- Serves a significant number of underserved women heart patients.
- Nearly half of patients – 39% – are African-American and at increased risk for heart disease.
- 19% of patient live below the poverty line.
- Serves some Native American patients.
Montefiore Medical Center, Bronx, NY
- 30% of patients live below the poverty level – well above the 21% average for New York City as a whole.
- 60% are Hispanic, a population at increased risk for heart disease.
- 39% are African-American, the population at highest risk for heart disease.
- Supporting and educating Hispanic-American women living with heart disease aligns with WomenHeart's Hispanic Outreach Program.
Penn Heart and Vascular Center, Hospital of the University of Pennsylvania, Philadelphia, PA
- Specialized focus on pregnancy-related cardiovascular disease and cardiovascular disease in minority women.
- Nearly half – 44% of patients – are African-American.
- 27% of patients live below the poverty level.
Regional Medical Center of Acadiana, Lafayette, LA
- In this 'Stroke Belt' state, women have a nearly 20% higher chance of dying from heart disease than the national average.
- 19% of patients live below the poverty line.
- Nearly a third – 32% – of patients are African-American.
Each selected hospital will increase its capacity to advance women's heart health in its community through the many benefits of the NHA partnership with WomenHeart. Two women heart patients will be sent for advanced volunteer training at the prestigious WomenHeart Science & Leadership Symposium at Mayo Clinic to start a free peer-led WomenHeart Support Network. WomenHeart Support Networks are led by WomenHeart Champions – trained WomenHeart volunteers who are all heart disease survivors – and meet monthly at NHA member hospitals. They are free and open to all women in the community who are living with heart disease. WomenHeart Support Networks are a proven model to improve patient outcomes. In a recent survey of Support Network attendees, participants reported an enhanced quality of life, improved treatment compliance, improved ability to communicate with health care providers, increased understanding of heart disease, and improved ability to communicate and explain their condition to family members, co-workers and friends.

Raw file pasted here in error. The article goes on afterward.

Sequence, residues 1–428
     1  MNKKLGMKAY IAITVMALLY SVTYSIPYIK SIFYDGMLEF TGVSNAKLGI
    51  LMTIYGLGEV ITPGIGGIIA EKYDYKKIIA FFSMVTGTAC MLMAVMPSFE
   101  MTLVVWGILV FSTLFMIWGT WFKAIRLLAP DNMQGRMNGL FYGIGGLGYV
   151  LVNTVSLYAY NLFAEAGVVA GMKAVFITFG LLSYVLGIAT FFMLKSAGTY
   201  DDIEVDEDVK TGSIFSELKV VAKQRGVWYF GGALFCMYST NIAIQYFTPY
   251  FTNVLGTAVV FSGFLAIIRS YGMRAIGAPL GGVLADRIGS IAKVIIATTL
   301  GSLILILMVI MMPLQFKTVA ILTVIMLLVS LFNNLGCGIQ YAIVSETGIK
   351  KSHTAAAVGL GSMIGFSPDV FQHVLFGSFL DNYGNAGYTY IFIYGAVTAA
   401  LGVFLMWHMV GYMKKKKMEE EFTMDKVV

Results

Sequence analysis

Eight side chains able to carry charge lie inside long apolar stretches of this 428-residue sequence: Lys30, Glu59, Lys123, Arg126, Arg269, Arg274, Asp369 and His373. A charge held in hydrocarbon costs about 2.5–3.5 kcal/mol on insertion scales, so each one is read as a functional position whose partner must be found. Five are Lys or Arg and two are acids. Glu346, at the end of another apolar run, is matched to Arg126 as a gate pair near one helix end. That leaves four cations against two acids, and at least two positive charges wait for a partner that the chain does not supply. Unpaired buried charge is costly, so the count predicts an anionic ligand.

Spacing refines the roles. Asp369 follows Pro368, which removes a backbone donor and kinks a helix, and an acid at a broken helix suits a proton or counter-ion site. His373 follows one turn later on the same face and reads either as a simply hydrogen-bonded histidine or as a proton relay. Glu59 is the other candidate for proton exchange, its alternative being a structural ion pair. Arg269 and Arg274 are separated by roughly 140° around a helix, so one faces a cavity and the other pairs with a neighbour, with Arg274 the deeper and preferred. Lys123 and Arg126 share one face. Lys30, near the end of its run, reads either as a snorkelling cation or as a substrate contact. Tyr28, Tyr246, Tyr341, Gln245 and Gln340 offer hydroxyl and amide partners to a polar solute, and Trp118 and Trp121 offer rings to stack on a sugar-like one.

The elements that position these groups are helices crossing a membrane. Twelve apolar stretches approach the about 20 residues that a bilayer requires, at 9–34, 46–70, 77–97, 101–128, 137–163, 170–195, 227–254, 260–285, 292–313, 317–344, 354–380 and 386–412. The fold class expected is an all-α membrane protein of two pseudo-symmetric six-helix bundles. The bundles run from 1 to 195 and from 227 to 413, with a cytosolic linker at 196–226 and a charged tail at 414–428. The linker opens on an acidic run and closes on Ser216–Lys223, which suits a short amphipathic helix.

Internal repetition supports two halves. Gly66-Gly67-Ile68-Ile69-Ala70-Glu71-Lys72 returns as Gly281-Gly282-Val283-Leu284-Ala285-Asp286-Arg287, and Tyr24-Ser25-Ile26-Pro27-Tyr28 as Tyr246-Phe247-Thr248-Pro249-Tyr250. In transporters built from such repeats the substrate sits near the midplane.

In addition to receiving training and technical assistance from WomenHeart to establish and maintain a WomenHeart Support Network, NHA member hospitals also have access to WomenHeart's educational materials which are reviewed and approved by its nationally renowned Scientific Advisory Council, as well as the opportunity to participate in WomenHeart's educational programs, media opportunities and professional education offerings. WomenHeart's Scientific Advisory Council also provides education about women's cardiovascular disease presented by national leaders on the issue for member hospitals' professional staff.
WomenHeart National Hospital Alliance
The WomenHeart National Hospital Alliance was founded in 2012. It is currently comprised of 30 member hospitals. It is a unique partnership between WomenHeart and member hospitals throughout the country who are dedicated to advancing women's heart health in their community. The National Hospital Alliance was developed by WomenHeart to ensure that women heart disease patients in every community have access to information, education and patient support services.
WomenHeart: The National Coalition for Women with Heart Disease
WomenHeart: The National Coalition for Women with Heart Disease is the nation's only patient- centered organization serving the 43 million American women living with or at risk for heart disease – the leading cause of death for women. WomenHeart is solely devoted to advancing women's heart health through advocacy, community education, and the nation's only patient support network for women living with heart disease. WomenHeart is both a coalition and a community of thousands of members nationwide, including women heart patients and their families, healthcare professionals, and health advocates, all committed to helping women live longer, healthier lives. To join or donate, visit www.womenheart.org.
SOURCE WomenHeart: The National Coalition for Women with Heart Disease